Saturday, August 09, 2008

China today: why DeGaul's EU is irrelevant

One useful outcome of the Chinese Olympics might be that it gives EU citizens pause to ponder how the EU imagines that it can safely continue to operate on the basis of 50 year old assumptions about the rest of the world.

DeGaul's vision of a European superstate as the reincarnation of a Franco Prussian Empire did not begin to take into account the fact that Asia was eventually going to be embarrassingly ahead of our sorry manufacturing industry in almost every area of endeavour.

It may be simplistic to observe that the rapid (re)ascent of Asia, leading to the present commodity crisis, is because Asian factories do not operate with one arm tied behind their back by the mountains of restrictive legislation and petty rules that afflict EU business. But it seems to be inconveniently and unavoidably true.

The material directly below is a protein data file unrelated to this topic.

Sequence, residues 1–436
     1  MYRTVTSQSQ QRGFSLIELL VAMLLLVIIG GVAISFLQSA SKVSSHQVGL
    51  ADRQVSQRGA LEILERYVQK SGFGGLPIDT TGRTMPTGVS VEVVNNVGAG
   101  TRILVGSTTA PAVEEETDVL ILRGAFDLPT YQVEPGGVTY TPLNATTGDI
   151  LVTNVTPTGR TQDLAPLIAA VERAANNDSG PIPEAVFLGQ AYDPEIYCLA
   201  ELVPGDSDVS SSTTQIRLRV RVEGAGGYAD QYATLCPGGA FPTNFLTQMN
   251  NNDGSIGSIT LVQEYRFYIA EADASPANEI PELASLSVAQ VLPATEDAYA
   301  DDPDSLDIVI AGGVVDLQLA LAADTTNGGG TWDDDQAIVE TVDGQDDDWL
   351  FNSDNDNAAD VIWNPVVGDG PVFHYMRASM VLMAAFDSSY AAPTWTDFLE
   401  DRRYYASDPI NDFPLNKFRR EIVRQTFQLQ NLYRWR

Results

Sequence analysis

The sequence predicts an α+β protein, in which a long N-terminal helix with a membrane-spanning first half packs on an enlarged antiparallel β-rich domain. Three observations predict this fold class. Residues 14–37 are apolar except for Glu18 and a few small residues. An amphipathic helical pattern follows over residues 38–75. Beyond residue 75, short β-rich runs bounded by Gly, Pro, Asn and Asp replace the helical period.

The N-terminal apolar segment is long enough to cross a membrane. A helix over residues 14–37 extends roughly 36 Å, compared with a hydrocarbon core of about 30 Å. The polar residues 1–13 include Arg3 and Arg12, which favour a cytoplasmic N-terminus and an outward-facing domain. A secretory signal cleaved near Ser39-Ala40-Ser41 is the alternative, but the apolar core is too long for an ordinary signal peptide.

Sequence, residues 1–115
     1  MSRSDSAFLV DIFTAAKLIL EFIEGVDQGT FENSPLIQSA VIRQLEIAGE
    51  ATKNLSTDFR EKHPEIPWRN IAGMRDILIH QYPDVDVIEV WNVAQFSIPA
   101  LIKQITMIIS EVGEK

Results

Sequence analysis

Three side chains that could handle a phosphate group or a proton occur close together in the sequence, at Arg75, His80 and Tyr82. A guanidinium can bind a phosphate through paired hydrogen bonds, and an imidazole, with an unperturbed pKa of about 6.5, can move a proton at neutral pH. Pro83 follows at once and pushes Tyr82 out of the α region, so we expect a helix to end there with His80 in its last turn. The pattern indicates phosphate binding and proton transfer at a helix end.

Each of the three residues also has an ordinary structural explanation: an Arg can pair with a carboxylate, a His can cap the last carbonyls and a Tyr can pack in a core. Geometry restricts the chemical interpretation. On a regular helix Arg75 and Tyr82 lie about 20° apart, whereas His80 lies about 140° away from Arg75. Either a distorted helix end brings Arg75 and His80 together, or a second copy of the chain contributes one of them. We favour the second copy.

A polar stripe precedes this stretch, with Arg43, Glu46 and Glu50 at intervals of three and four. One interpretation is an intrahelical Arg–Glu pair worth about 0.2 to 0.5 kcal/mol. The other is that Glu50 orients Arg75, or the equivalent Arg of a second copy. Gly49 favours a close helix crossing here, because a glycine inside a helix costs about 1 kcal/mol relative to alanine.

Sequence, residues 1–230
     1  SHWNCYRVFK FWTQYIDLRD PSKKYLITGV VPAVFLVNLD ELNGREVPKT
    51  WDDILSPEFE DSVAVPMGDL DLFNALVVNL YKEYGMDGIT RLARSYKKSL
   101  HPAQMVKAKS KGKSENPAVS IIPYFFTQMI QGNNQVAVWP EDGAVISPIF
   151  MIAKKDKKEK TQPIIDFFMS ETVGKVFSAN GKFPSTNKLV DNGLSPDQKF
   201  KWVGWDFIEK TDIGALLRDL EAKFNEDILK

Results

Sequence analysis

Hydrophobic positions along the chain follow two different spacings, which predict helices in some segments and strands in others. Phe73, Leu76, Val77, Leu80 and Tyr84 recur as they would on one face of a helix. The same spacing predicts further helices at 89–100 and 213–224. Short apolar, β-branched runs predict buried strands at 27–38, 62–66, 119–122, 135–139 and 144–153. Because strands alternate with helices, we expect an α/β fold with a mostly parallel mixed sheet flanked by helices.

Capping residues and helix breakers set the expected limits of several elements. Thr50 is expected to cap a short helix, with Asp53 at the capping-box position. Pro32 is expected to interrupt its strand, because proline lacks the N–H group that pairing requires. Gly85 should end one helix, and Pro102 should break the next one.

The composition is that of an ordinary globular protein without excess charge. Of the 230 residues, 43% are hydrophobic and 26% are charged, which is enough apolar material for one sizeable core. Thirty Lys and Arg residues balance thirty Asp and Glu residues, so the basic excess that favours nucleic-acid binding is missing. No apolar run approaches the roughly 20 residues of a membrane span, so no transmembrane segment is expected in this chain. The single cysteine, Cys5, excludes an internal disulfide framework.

If EU citizens are happy to buy products from factories that employ 14 years olds working 60 hour weeks in countries that don't bother with the niceties of boring things like Health & Safety and planning permission, then how do they imagine Europe can survive as rest home for the disadvantaged and witlessly politically correct..?

The Chinese went to great pains during the opening ceremony to remind us that they pretty much invented most of the cornerstones of civilization (while we were still skinning sabre toothed tigers with flints) during the opening ceremony. And then they rubbed in the fact that now also rule the roost in most aspects of consumer technology with a tour de force of digital electronic wizardry.


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